How Austrian Literature Taught Me to Stop Worrying and Hate America

We could learn a lot from the way the country’s artists demonstrate their frank disgust with its Nazi past

Repeat a word enough in anger and it becomes a curse. In the Austrian writer Thomas Bernhard’s final novel Extinction (1988), he uses the term Weinflaschenstöpselfabrikant over and over. It means, literally, “wine bottle stopper manufacturer,” and refers to the narrator’s brother-in-law, whom he hates. Like the brother-in-law, the word is grating, dull, and pedantic. (German has a word for cork. It’s “Korken.”) The compound noun contains everything that disgusts the narrator about his new brother-in-law, and so much of what angers Bernhard about his home.

Bernhard spells things out for us, using ugly words for a depressing society. He hardly ever replaces Weinflaschenstöpselfabrikant with a pronoun, making us hack through the consonants every time it appears. Later on in Extinction, the narrator, who lives in Rome, must return to Austria because his parents and his brother have died in a car crash and he needs to attend their funeral. He describes the funeral with another long compound word: nationalsozialistisch-katholisch, observing, “Our Nazi-Catholic orchestra is playing. And the Nazi fireworks are being shot from the entrance to the graveyard, and the Catholic church bells are ringing. And if we’re lucky, I thought, our Nazi-Catholic sun will be shining, or it’ll rain, if we’re unlucky, our Nazi-Catholic raindrops.”

Bernhard, who died in 1989, was the dean of what might be called Austrian anti-patriotic literature. His words are straightforward but his sentences are polyrhythmic, virtuosic in their insistence on the hopeless state of the world. They can’t help but wear you down and convince you that his countrymen are stupid and cruel. Right before the funeral, the Weinflaschenstöpselfabrikant sits in the kitchen, eating sausages and reading newspaper reports about the gruesome car accident, which left the narrator’s mother beheaded. He is completely oblivious to the bereaved man sitting next to him. “I said hideous, but my brother-in-law didn’t look up, he didn’t let my saying the word hideous disturb him, prevent him, so to say, from greedily indulging.”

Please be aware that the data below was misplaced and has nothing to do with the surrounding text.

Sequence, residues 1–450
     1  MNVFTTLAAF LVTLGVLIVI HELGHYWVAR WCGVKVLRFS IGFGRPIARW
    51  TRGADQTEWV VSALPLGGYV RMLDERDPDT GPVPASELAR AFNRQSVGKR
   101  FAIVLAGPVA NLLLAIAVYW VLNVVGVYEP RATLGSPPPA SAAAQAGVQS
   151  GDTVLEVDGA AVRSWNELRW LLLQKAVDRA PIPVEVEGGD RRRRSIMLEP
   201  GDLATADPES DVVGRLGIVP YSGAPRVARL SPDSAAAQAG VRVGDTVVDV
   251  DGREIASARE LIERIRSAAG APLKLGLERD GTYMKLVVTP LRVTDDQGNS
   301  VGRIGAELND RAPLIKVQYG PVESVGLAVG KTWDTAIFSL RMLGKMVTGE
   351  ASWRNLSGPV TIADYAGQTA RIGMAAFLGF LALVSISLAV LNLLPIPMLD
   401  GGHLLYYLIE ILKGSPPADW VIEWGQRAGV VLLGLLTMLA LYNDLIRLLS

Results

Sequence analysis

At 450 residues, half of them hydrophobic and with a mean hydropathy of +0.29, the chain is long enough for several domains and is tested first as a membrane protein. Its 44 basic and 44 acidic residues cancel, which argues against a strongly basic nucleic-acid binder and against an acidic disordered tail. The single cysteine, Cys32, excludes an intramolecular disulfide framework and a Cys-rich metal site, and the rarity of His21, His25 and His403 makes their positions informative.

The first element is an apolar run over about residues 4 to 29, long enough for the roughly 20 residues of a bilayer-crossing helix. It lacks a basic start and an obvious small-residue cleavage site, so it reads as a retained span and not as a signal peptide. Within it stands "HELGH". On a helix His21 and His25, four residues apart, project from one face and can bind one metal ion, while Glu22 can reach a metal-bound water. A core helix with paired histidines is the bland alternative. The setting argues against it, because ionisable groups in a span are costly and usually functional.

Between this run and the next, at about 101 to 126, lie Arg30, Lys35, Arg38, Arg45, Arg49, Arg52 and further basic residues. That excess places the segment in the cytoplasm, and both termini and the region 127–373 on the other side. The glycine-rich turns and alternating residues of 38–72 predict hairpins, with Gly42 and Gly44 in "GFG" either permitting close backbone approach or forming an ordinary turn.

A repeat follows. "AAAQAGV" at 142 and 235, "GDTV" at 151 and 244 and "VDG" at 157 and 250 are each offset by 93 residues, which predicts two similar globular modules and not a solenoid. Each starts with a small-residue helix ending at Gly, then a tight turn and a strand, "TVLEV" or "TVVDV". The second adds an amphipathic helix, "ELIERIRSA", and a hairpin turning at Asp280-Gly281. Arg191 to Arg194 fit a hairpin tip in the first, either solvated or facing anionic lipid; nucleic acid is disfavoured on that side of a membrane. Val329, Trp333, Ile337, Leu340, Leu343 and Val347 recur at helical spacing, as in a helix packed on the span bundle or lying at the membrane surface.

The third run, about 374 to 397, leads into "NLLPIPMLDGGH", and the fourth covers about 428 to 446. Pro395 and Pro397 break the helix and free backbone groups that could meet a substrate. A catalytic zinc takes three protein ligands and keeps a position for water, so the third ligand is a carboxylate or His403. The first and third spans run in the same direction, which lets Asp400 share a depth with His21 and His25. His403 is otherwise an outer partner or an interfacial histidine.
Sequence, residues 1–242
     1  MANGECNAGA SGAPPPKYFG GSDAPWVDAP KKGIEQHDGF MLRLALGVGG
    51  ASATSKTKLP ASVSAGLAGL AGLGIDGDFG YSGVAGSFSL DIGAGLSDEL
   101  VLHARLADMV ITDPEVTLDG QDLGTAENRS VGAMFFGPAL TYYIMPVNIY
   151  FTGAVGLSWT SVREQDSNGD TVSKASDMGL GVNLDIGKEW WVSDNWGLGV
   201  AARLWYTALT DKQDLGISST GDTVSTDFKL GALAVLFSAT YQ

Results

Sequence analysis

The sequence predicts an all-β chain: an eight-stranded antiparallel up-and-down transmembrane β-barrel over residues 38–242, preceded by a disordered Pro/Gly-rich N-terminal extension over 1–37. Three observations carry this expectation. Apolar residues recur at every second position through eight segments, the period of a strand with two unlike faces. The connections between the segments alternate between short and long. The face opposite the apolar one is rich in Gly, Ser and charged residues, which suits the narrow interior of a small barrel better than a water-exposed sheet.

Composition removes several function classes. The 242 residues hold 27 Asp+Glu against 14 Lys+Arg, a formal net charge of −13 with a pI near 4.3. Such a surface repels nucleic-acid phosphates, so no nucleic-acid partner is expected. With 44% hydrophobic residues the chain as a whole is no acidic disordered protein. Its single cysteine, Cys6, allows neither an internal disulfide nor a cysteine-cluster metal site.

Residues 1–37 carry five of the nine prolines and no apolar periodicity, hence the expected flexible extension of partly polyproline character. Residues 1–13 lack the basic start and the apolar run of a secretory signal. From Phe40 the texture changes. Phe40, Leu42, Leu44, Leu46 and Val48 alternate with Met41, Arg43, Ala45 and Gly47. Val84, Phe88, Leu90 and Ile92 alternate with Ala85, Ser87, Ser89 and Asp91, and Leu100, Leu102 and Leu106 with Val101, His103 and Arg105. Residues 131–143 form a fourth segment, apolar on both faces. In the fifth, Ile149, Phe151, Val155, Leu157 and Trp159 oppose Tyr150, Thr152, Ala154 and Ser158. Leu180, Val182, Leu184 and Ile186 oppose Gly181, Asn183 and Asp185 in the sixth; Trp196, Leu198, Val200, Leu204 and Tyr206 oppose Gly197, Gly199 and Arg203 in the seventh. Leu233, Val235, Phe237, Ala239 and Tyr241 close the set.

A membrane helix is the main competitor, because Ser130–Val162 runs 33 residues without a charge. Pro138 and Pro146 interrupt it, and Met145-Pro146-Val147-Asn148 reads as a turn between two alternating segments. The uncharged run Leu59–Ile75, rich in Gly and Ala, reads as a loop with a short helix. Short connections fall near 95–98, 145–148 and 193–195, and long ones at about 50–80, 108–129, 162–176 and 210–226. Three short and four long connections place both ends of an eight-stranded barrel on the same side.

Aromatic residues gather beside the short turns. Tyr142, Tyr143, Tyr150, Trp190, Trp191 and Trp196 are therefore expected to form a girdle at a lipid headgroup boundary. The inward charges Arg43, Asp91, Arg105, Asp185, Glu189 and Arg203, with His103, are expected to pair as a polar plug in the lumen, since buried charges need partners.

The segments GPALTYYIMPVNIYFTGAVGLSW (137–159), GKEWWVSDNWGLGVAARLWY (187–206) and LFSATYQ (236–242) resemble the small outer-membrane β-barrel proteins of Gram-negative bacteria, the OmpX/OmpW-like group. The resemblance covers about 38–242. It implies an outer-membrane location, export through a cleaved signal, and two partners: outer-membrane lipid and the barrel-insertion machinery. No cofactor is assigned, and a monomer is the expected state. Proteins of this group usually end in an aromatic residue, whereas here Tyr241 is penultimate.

His sentences can’t help but wear you down and convince you that his countrymen are stupid and cruel.

Disgust with his fellow Austrians, not to mention the Germans and the Swiss, is a consistent element in Bernhard’s highly varied output, which includes novels, plays and poetry. In a piece from his collection of very short fiction The Voice Imitator (1987), a man from Augsburg is sent to an insane asylum because he passionately believes that Goethe’s last words were misheard. A doctor who hears of his obsession disagrees and has him committed. “This doctor, as I read in the Frankfurter Allgemeine Zeitung, was awarded the Goethe Medal of the city of Frankfurt,” Bernhard writes. The absurdity of the man’s fixation is outmatched only by the doctor’s cruel, yet symbolically narrow-minded act. “Frankfurt” is repeated twice within the short final sentence as a talisman of mediocrity.

Hatred of home is a strain in Austrian literature more generally. The Nobel Prize-winning writer Elfriede Jelinek similarly critiques her society with pointed observations of its pervasive sexism and selfishness. In her Princess Dramas. Death and the Maiden (2003), she retells classic fairytales as they might have played out between real Austrians. The prince whose kiss wakes up Sleeping Beauty is an entitled bore. “I really like what I see, it’s already worth it, that much I can tell you,” he says. “How nice that you’ve already acknowledged that you owe your entire existence to me.” In Jelinek’s retelling of “Snow White,” the hunter refuses to help the abandoned princess find her way to the seven dwarves. He doesn’t believe her story about the wicked stepmother and mansplains to the recently apple-poisoned and abandoned woman what clothing is appropriate for a forest. “Let my hat be an example to you. That’s the kind you should be wearing!”

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Not even classical music, a part of Austrian culture people tend to admire, is safe. Jelinek’s novel The Pianist (1986) portrays musicians as strange, banal, selfish people. “Erika has a main goal in common with every other performer: be better than the others!” Similarly, Bernhard’s The Loser follows two friends of the pianist Glenn Gould during his time at the Mozarteum in Salzburg, and shows the destruction that follows in the wake of genius. (I attended the Mozarteum. When I told a woman I met at a party I was studying there, she said, “I’m so sorry!” She had just finished reading The Loser.) Classical music is often portrayed in literature as a path to transcendence, or at least an art form that lends meaning to suffering. Jelinek and Bernhard show it instead as intertwined with a heartless Austrian culture.